The political unrest in Egypt has many people seeking answers regarding what this means for their portfolios. Here are some of the headlines I’ve seen:

In other words, we go through this every time. Think back to just a year ago, when the fear regarding Greece defaulting led to panic about its effect on the markets. (The same could be said about the rest of the PIGS — Portugal, Italy and Spain.) Or perhaps the ongoing political issues in Iraq, Iran, Afghanistan and North Korea. Or the financial issues regarding the flash crash, the potential domestic municipal bond crisis and still-deflated housing prices.

The point isn’t that these crises are unimportant. These events are entirely outside of our control, so there’s no point in worrying about them as far as our investments are concerned. What you should do instead is focus on what you can control:

  • The amount of risk you’re taking
  • The costs of your investments
  • The tax efficiency of your portfolio

The fact that these crises occur is why we’ve enjoyed such a high risk premium for investing in stocks. If you start feeling uneasy about market fluctuations, one of two things needs to occur:

  • Remember your plan and why you chose your allocations.
  • Adjust your plan to more appropriately consider your ability, willingness and need to take risk.

What we do know is that the markets have either already accounted for the possibility or will absorb the news very quickly. We also know that there’s no guarantee the markets will fully recover from major events. That’s the nature of risk. If that risk wasn’t present, then stocks wouldn’t be viewed as risky investments. Accordingly, your plan should take this into account as well.

If you’re still worried about what this will mean, ask yourself what great investors such as Warren Buffett would do, and remember Buffett’s classic line about investors: “They should try to be fearful when others are greedy, and greedy when others are fearful.”

Tuesday, February 8, 2011

Addicted to Risk?

Taken from Naomi Klien's TED talk with comments from Arianna Capital.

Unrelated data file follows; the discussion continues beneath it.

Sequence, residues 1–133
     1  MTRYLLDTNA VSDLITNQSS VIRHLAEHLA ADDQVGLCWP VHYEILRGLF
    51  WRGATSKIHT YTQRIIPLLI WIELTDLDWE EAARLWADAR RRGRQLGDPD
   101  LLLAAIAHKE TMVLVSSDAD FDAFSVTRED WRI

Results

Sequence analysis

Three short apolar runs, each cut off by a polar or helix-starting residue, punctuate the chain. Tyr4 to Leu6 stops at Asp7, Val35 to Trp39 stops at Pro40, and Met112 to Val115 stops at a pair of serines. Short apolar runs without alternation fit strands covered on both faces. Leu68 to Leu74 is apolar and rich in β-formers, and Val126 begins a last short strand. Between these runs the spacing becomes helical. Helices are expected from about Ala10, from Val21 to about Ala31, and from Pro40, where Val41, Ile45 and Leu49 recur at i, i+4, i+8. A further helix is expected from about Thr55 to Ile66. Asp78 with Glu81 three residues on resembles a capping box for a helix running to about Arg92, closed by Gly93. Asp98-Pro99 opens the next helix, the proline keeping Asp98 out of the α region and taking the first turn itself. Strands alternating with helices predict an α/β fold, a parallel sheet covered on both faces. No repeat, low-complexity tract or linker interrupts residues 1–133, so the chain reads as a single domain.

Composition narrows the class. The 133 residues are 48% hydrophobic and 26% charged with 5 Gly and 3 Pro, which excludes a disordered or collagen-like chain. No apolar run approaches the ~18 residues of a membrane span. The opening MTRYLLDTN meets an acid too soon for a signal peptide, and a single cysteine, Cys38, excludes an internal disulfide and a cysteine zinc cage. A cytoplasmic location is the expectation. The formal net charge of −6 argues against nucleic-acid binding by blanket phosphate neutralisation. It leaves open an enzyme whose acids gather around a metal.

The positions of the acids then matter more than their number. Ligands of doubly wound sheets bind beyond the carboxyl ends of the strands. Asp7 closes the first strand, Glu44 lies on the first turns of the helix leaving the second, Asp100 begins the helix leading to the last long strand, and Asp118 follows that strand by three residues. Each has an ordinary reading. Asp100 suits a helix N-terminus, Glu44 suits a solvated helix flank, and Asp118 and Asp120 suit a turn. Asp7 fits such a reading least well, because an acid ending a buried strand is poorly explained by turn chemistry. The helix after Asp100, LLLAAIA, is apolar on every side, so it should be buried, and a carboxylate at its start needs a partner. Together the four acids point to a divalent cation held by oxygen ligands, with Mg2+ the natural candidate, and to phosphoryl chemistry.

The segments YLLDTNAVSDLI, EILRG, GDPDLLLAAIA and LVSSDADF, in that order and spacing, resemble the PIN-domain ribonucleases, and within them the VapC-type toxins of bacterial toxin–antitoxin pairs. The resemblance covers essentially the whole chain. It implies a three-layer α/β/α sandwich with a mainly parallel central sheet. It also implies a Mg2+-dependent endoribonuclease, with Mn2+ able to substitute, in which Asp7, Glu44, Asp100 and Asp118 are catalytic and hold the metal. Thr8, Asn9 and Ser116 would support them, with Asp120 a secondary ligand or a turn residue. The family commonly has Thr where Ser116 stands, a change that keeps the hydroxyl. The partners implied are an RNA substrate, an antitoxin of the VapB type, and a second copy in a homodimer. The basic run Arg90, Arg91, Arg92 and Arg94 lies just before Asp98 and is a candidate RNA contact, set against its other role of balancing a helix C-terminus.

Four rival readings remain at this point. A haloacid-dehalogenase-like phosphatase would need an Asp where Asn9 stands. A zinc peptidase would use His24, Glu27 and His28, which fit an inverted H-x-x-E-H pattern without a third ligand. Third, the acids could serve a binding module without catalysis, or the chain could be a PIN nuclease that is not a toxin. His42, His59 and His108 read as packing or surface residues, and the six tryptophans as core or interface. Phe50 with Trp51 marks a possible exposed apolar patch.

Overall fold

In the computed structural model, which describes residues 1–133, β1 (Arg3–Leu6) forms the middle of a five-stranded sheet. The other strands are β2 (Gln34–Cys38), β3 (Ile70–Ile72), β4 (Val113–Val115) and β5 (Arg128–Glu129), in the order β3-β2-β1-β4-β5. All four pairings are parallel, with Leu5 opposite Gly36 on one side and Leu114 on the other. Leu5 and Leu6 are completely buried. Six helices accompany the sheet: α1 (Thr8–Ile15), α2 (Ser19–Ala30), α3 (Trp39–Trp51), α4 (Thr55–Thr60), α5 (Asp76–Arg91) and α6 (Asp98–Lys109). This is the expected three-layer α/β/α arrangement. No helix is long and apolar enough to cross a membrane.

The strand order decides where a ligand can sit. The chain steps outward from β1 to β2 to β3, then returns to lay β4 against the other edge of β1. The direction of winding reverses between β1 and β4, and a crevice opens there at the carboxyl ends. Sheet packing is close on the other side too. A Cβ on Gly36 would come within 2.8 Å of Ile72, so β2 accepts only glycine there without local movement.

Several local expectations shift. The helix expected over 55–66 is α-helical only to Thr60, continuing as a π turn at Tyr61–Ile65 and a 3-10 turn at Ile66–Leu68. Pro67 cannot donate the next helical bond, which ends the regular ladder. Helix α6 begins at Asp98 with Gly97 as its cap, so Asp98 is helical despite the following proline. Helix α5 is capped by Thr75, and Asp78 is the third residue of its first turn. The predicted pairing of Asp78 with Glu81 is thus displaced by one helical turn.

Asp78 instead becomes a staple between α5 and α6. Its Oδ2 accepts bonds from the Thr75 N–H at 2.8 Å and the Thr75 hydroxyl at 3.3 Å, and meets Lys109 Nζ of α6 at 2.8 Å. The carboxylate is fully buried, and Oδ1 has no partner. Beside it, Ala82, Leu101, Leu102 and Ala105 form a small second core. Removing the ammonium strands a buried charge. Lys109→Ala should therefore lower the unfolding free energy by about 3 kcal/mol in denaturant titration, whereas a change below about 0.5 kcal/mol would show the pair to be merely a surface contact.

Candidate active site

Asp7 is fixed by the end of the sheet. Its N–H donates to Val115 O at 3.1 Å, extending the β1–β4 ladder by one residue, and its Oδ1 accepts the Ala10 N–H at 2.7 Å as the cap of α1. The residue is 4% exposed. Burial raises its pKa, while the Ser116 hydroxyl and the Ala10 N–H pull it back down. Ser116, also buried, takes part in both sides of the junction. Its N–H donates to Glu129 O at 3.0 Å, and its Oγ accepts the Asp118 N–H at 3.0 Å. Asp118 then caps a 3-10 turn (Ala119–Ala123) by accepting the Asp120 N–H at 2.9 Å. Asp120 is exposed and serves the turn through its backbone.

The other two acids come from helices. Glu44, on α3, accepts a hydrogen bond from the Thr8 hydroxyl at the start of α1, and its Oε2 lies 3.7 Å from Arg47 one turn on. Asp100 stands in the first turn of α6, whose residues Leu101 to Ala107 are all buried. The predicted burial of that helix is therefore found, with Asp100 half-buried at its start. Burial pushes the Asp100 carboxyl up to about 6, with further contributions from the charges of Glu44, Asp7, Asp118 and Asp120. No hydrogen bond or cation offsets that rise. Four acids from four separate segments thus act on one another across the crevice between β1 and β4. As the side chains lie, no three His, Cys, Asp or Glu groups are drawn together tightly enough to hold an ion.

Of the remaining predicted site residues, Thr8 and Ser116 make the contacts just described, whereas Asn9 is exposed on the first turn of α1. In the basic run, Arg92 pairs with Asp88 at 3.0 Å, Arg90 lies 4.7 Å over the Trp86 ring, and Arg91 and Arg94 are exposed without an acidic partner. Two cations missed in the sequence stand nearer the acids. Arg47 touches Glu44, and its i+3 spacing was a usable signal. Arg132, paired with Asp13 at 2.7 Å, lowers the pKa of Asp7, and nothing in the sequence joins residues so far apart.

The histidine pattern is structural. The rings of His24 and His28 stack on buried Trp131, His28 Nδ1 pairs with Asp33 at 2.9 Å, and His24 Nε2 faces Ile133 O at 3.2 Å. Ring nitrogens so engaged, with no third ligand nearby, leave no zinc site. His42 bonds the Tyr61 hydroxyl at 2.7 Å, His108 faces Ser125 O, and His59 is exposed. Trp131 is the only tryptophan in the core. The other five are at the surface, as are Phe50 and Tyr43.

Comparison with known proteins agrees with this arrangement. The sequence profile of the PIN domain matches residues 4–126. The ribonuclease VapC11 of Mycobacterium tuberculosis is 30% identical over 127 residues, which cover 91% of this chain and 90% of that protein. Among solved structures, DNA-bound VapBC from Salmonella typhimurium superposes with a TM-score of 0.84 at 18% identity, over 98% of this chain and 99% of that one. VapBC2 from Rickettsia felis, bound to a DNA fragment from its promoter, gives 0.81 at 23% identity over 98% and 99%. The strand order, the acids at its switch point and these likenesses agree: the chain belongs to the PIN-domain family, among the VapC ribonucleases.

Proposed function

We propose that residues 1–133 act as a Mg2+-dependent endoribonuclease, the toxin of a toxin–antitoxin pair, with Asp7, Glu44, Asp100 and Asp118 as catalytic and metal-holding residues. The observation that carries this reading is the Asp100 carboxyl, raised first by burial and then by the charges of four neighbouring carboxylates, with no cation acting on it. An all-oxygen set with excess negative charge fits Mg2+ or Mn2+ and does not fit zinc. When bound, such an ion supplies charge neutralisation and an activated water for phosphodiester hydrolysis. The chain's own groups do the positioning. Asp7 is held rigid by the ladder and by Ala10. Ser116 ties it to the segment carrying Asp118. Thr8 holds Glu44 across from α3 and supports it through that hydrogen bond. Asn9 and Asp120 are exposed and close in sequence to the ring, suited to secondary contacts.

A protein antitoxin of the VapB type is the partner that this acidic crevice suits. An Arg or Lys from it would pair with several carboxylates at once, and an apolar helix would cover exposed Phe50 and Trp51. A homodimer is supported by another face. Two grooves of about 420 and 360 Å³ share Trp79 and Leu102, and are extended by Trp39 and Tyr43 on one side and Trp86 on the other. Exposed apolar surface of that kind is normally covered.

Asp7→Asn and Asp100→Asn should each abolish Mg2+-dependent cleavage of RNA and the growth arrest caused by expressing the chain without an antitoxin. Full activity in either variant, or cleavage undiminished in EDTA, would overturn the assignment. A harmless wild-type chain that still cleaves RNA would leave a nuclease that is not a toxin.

"We have become far to willing to gamble with things that are precious and irresponsible... and to do so without a backup plan." "Our societies have become addicted to extreme risk in finding new energy, new financial instruments and more ... and too often, we're left to clean up a mess afterward."

Naomi Klien frames risk in terms that most people can actually relate to. Her discussion saves us from getting into an extremely statistical, black-swan event narrative that technically explains how we are addicted to risk.

She explains that the main ingredients to this addiction seem to be greed, hubris, but most importantly a story that we tell ourselves and have been conditioned to believe. Greed and hubris are cited most frequently, and we can clearly see how they are at play. But, the way she explains this story element is most profound.

Klien claims that we are hooked in a loop that there will always be more or we will be saved at the last minute like in most Hollywood movies. This is a conditioned story from media, family, and society as a whole, and it seems to work against real behavioral change.

Now, what is the link here to finance - after all, this is a blog about Wealth Management practices and getting you to your goals. What is your story? Why do you trust your Financial Planner? Why do you believe investing should be done the way it should be done? Is it because the person that refereed you is smart and you trust them? Is it because fate brought you the right person at the right time?

We believe that most people do not really know why they have the manager that they have. It is also starting to become prevalent that many do not even know their real cumulative return, the fees they pay their adviser, or the types of risks that they are even exposed to. If you were going to be exposed to polio in the next few minutes wouldn't you want to know so you could do something about it? It is time to take a long hard look at this so that we can stop gambling on the precious lives that we support through our own livelihood. It is time to expose the story that you have been living regarding investing so that if it is too much of a risk a new solution can get you and your family to your goals.

To get started in the right direction, read a few areas of our blog that can help make a change:
This is but a handful of the wealth of information on this blog that relates to finding the right solution for yourself. Also, please contact us if you would like a free book that elaborates on what you need to make a Wealth Management Plan that accomplishes your goals.

Enjoy Klien's presentation below!

-Arianna Capital Management